Close your eyes during the actual kiss. You don’t know if your partner will prefer eyes closed or open, so it’s better to close them to be on the safe side. Some people will be creeped out by open eyes.
Deepen the kiss only if your partner is comfortable and enthusiastic. If your partner is leaning forward, touching you, and their breathing is increasing, it’s likely that they want to keep kissing you. However, if they are pulling back, are not moving, or are very stiff and uncomfortable, break off the kiss. If you’re not sure, it’s better to assume that they’re not interested in continuing.
Try kissing or lightly sucking on your partner’s top lip or bottom lip. If they reciprocate, try moving your tongue very lightly across their lips.
Both you and your partner should be kissing each other with the same amount of pressure. If you knock your teeth into theirs, you’re probably pushing too hard and should keep things lighter. Likewise, don’t stab into their mouth with your tongue when they’re using little or no tongue.
Move your hands a couple of times during the kiss. Run your fingers through your partner’s hair, touch the back of their neck, trail your fingers down their arm, or hold their hand.
It’s usually better to keep kisses lighter the first time. If your partner has never been kissed before, they’re not used to tongue and may be more easily overwhelmed by how wet a French kiss can feel. Keep it soft, light, and dry at first.
Pull back slightly and give your partner a compliment. They may be feeling very nervous after their first kiss, so reassure them by telling them they look cute or that you really liked kissing them. You can also reassure them with a hug.
If the other person seems unsure about how they feel about the kiss, they probably need some space. Walk away, but leave on a positive note. You could try saying, “I had a really good time with you tonight. Is it okay if I call you tomorrow?”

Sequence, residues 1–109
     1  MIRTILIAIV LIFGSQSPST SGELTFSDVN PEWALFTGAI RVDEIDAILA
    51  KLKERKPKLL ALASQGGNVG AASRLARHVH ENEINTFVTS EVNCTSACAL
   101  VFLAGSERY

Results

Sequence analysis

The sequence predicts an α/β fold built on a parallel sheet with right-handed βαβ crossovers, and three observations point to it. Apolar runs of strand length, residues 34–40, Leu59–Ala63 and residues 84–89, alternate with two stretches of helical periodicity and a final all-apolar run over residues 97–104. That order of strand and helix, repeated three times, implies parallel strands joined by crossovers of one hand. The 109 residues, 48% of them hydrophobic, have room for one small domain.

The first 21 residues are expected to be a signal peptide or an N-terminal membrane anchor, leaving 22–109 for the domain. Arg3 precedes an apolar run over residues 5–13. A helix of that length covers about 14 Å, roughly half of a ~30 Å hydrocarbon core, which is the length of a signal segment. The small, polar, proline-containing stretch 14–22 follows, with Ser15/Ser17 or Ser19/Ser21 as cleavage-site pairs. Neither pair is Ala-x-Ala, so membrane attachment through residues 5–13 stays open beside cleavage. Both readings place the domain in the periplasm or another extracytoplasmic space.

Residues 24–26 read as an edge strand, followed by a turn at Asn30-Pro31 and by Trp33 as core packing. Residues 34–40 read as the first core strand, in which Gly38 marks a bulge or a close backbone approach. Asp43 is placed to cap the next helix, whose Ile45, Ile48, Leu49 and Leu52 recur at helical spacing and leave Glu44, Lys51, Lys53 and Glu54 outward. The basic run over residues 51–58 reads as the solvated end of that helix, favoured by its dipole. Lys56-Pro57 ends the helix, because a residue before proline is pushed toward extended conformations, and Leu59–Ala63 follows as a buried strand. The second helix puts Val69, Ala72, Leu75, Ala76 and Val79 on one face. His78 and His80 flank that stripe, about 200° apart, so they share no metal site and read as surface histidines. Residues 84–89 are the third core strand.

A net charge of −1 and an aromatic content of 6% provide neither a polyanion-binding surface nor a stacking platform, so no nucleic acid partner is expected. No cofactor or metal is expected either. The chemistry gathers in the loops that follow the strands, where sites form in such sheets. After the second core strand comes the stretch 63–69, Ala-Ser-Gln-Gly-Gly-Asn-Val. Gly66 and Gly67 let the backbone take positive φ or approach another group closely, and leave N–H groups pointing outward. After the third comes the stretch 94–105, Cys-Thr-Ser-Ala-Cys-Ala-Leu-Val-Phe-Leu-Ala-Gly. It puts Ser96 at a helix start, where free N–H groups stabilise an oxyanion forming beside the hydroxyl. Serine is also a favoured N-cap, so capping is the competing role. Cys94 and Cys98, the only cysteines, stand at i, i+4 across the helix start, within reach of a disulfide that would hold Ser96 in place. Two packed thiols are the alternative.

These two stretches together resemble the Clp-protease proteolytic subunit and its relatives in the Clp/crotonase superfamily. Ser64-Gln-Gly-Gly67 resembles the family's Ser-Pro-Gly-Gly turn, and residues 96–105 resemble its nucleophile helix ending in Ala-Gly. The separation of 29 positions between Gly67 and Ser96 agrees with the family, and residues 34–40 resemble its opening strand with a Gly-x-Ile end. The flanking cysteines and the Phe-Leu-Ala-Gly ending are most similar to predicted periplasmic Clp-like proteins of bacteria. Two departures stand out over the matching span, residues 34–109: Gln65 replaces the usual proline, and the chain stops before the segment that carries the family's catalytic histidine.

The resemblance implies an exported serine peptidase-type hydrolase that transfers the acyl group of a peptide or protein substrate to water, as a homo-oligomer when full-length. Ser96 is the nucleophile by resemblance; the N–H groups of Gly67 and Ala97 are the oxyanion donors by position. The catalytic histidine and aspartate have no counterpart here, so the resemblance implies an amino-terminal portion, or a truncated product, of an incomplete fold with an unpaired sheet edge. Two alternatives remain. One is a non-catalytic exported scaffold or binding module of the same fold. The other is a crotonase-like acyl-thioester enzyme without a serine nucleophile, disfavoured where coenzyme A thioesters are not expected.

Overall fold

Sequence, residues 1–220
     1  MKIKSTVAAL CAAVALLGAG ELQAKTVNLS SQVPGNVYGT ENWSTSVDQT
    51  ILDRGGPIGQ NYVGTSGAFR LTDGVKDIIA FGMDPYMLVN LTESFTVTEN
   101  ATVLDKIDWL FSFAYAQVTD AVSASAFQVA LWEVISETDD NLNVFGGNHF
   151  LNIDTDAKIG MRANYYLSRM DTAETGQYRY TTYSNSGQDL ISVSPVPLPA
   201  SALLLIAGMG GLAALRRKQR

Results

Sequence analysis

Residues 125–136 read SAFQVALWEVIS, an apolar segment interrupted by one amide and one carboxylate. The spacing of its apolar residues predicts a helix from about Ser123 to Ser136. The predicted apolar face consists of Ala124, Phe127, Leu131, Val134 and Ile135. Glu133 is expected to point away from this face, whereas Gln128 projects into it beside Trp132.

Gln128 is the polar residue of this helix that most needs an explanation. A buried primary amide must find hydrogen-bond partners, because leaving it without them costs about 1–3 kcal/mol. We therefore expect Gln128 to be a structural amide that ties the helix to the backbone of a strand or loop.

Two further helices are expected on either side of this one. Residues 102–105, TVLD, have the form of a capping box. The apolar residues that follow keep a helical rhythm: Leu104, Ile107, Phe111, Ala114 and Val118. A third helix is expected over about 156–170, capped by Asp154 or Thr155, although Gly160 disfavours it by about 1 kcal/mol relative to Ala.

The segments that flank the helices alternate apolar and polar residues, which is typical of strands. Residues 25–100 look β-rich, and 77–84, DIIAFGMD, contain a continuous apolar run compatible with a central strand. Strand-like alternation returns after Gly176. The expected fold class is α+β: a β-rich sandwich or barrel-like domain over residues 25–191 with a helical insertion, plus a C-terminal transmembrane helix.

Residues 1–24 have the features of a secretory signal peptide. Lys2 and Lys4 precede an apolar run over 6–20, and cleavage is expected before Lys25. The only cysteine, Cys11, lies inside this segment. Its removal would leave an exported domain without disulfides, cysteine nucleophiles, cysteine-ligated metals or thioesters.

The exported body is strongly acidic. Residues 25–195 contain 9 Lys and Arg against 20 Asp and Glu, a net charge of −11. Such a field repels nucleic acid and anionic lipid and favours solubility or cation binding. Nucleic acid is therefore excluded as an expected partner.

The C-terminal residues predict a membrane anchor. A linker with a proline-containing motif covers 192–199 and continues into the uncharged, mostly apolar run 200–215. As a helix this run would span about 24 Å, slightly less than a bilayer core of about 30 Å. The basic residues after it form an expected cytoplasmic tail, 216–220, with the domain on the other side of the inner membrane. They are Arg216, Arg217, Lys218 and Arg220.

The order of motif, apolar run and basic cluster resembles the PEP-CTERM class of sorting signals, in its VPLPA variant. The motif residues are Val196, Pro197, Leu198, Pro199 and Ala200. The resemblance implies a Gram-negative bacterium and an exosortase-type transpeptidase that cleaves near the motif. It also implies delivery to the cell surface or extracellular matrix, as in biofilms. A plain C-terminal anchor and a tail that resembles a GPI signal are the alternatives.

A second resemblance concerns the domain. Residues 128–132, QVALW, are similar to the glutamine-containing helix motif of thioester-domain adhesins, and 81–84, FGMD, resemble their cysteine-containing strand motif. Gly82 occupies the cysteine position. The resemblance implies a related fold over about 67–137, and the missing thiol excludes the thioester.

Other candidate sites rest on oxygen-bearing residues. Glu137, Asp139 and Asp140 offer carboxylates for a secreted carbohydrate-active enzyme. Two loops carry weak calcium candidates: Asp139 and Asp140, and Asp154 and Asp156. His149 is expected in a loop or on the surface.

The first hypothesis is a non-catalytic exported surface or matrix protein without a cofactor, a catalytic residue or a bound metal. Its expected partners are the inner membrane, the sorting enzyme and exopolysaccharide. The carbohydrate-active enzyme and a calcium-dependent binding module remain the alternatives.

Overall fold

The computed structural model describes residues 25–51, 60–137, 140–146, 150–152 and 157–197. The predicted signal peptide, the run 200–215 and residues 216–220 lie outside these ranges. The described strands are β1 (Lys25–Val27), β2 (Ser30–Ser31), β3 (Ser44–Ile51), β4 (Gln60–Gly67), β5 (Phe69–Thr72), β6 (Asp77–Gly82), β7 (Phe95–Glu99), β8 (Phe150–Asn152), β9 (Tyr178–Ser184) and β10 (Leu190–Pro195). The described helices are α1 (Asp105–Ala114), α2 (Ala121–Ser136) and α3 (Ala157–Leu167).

EditFollowing up After the Kiss
Cut your partner some slack if the kiss wasn’t perfect. First kisses are often awkward even between people who have experience kissing, and if your partner is completely inexperienced, then the kiss is bound to be imperfect. Don’t go in with high expectations, and give your partner another chance if you didn’t feel fireworks the first time.
If you have an especially awkward moment, such as bumping heads or stepping on your partner’s foot, ask them if you can try the kiss again.
Give the other person some space right after the kiss. Some people, and particularly women, tend to feel a lot of mixed emotions about a first kiss experience, and your partner may need time to sort out how they feel about you and about the kiss. Let them have some time to process the experience.
Make sure your partner doesn’t think you’re running away or feeling disappointed while you give them space. Tell them you liked spending time with them, but you have to go. Ask if you can message them or follow up with them later so they know you’re still interested.
If your partner is clearly very enthusiastic about your kiss, and enjoying spending time with you, giving them space may not be necessary! Feel free to prolong your time together if you are both obviously enjoying each others’ company.
Follow up with your partner within a day or two. It’s hard to get your partner out of your mind after a first kiss, so your partner will probably be thinking about you. Hormones in the brain often give people feelings of affection and closeness after a kiss, so your partner will probably want to hear from you.
If you’re interested in meeting up with your partner again, or continuing to progress the relationship forward, let them know sooner rather than later. You could call or send them a message saying, “I really enjoyed kissing you. I hope we are able to hang out again soon! Are you free tomorrow?”
If the kiss fell completely flat for you and you aren’t willing to give the other person another chance, be completely open about it. Try to share something positive, while also being honest. You could try saying, “I’m glad I got to spend time with you the other day, but I’m not interested in anything more happening between us.” Don’t blame your partner, and don’t give them a false reason for wanting to end things, as this will only hurt them more.
The safest time to ask for a kiss is at the end of the night, since that’s what most people will be expecting. However, if you find yourself only part way through a date and you’re both having fun and feeling relaxed, go for it sooner! It could end up being a welcome surprise.
Brush your teeth before a potential kiss. Women in particular pay more attention to a potential partner’s teeth when they’re trying to decide if they want to kiss that person.
Talk positively about your partner’s lack of experience, as they are likely to feel self-conscious about never having been kissed before. If they bring up the fact that kissing is new to them, don’t imply that they’re doing something wrong, talk about how young you were when you had your first kiss, or make light of it.
EditSources and Citations